Re: [tcpinc] Eric Rescorla's Discuss on draft-ietf-tcpinc-tcpcrypt-09: (with DISCUSS and COMMENT)

Daniel B Giffin <dbg@scs.stanford.edu> Thu, 23 November 2017 08:02 UTC

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Date: Thu, 23 Nov 2017 00:02:42 -0800
From: Daniel B Giffin <dbg@scs.stanford.edu>
To: Eric Rescorla <ekr@rtfm.com>
Cc: tcpinc <tcpinc@ietf.org>, Kyle Rose <krose@krose.org>, tcpinc-chairs@ietf.org, The IESG <iesg@ietf.org>, draft-ietf-tcpinc-tcpcrypt@ietf.org
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Subject: Re: [tcpinc] Eric Rescorla's Discuss on draft-ietf-tcpinc-tcpcrypt-09: (with DISCUSS and COMMENT)
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Eric Rescorla wrote:
> As it happens, I was able to take a look. Several notes from my review:
> 
> - Not all algorithms take a 12 byte nonce, so you probably want to allow
> some generality
> here.
> - I'm not sure you still need the NONCE_MAGIC value.

Yes, I agree on the above.  I will change this to do the
same as TLS: zero-pad the record number (frame offset for
tcpcrypt) to the nonce size.

> - Do you want to cover SACK in the section about how you handle
> deprotection failures.

I suppose that makes sense.  I'll try to propose new
language there shortly.

> On Fri, Nov 17, 2017 at 8:17 PM, Daniel B Giffin <dbg@scs.stanford.edu>;
> wrote
> >
> > > Given that you are allowing P-256 and point reuse, you
> > > should be requiring point validation. See:
> > > https://tlswg.github.io/tls13-spec/draft-ietf-tls-tls13.
> > html#rfc.section.4.2.8.2
> > > https://tlswg.github.io/tls13-spec/draft-ietf-tls-tls13.
> > html#elliptic-curve-diffie-hellman
> >
> > Yes, thank you.  For the NIST curves, I have added:
> >
> >         Implementations MUST validate these "pubkey" values according to
> > the
> >   algorithm in [ieee1363] Section A.16.10.
> >
> > But I see that TLS refers to ANSI X9.62 for validation, even
> > though it refers to IEEE1363 for DH computation.  Is there a
> > good reason not to stick with the one source?
> >
> 
> TBH, not sure. Filed an issue on TLS for that.
> 
> 
> > Also, I guess there's no need to check on-the-curve if we
> > allow only compressed format, and it's not perfectly clear
> > to me whether we need to check group membership, but I'd
> > really rather not have all these details in this document if
> > there's a good way to cite it out.
> >
> 
> I think your text is fine.

Great.

> > You should probably also be requiring Curve25519 output validation.
> >
> > I think you're saying we should check that the DH result is
> > not zero?
> >
> > No harm, I suppose, but I'm going to try to get guidance on
> > whether it's necessary.
> >
> 
> It's the way we're going in the security area. Is there some reason not to.

Okay, having done some more reading about this, it sounds
like a zero check on the output is not at all sufficient to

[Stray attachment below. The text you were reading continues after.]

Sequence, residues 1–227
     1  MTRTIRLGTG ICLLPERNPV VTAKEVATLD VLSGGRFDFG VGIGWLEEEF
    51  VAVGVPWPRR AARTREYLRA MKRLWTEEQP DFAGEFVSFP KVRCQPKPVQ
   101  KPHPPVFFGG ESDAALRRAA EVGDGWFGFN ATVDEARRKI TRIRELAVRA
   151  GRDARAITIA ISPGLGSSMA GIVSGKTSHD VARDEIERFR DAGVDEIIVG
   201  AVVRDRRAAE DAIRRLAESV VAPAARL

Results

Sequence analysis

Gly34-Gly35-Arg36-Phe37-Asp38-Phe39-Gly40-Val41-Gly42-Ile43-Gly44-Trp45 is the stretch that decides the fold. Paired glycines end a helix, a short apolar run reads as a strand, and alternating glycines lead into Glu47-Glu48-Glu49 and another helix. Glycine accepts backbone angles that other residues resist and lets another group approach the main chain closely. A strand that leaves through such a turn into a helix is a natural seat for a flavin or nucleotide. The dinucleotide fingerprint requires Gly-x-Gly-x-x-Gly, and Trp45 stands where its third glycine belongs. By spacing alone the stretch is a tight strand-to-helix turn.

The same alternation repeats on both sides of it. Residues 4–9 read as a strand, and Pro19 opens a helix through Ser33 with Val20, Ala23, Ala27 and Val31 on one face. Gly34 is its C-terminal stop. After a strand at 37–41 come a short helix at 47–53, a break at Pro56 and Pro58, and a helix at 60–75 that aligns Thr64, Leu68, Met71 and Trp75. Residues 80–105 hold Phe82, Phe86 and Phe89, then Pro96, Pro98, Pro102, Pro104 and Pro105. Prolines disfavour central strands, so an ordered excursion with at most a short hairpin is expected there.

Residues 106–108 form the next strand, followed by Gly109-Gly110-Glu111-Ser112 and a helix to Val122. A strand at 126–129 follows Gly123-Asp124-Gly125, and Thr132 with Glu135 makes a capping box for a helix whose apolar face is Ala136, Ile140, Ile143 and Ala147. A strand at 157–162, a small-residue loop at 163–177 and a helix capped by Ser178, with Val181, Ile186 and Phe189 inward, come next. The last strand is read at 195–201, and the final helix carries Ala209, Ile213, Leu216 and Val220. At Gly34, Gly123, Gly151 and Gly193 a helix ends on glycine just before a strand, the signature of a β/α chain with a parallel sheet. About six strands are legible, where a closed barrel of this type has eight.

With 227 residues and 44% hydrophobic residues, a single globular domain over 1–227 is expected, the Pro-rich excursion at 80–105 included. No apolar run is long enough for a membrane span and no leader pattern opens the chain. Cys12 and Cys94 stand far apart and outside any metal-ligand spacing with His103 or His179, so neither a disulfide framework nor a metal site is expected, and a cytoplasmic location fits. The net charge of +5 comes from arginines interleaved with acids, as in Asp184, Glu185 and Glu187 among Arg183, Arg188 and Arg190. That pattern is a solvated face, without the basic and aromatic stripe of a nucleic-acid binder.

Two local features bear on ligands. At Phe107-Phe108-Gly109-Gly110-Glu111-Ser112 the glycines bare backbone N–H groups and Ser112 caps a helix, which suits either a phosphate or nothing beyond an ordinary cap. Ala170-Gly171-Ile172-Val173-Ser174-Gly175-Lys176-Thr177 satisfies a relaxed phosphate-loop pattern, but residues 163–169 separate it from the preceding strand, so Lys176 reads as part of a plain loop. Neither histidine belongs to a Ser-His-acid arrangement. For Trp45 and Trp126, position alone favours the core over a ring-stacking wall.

ensure "contributory" behavior from the X25519 function:

  https://moderncrypto.org/mail-archive/curves/2017/000896.html

And because our key-derivation function gets fresh
randomness from each host's nonce, I don't believe we need
to get this contribution from the DH function.  (I mostly
have a confirmation from Dan Boneh on this, but have asked
for more clarity to be sure we can make this claim
confidently; I'll report back as soon as I can.)

In RFC7748, which we're referencing for how to perform
X25519, it says in Section 6.1:

	 Both now share K = X25519(a, X25519(b, 9)) = X25519(b, X25519(a, 9))
   as a shared secret.  Both MAY check, without leaking extra
   information about the value of K, whether K is the all-zero value and
   abort if so (see below).  Alice and Bob can then use a key-derivation
   function that includes K, K_A, and K_B to derive a symmetric key.

   The check for the all-zero value results from the fact that the
   X25519 function produces that value if it operates on an input
   corresponding to a point with small order, where the order divides
   the cofactor of the curve (see Section 7).  The check may be
   performed by ORing all the bytes together and checking whether the
   result is zero, as this eliminates standard side-channels in software
   implementations.

So I guess tcpcrypt's instruction is "MAY abort" due to this
reference.  I believe this does not break anything
(good-faith implementations will not cause each other to
abort), but it doesn't sound like it solves anything either.

Even if we wanted to "validate" X25519 pubkeys, I am not
sure how to do that.  The only instruction I can find is to
compare the received pubkeys against this list of about a
dozen bad values:

  https://cr.yp.to/ecdh.html#validate

If there is some IETF discussion of best practice, can you
point me to it?  The closest I could find is in CFRG from
2015:

	https://www.ietf.org/mail-archive/web/cfrg/current/msg06558.html

For now, I think my tentative proposal is to make no
changes: that is, continue to reference RFC7748 and make no
mention of public-key validation for X25519.

> > > ----------------------------------------------------------------------
> > > COMMENT:
> > > ----------------------------------------------------------------------
[skipped for now]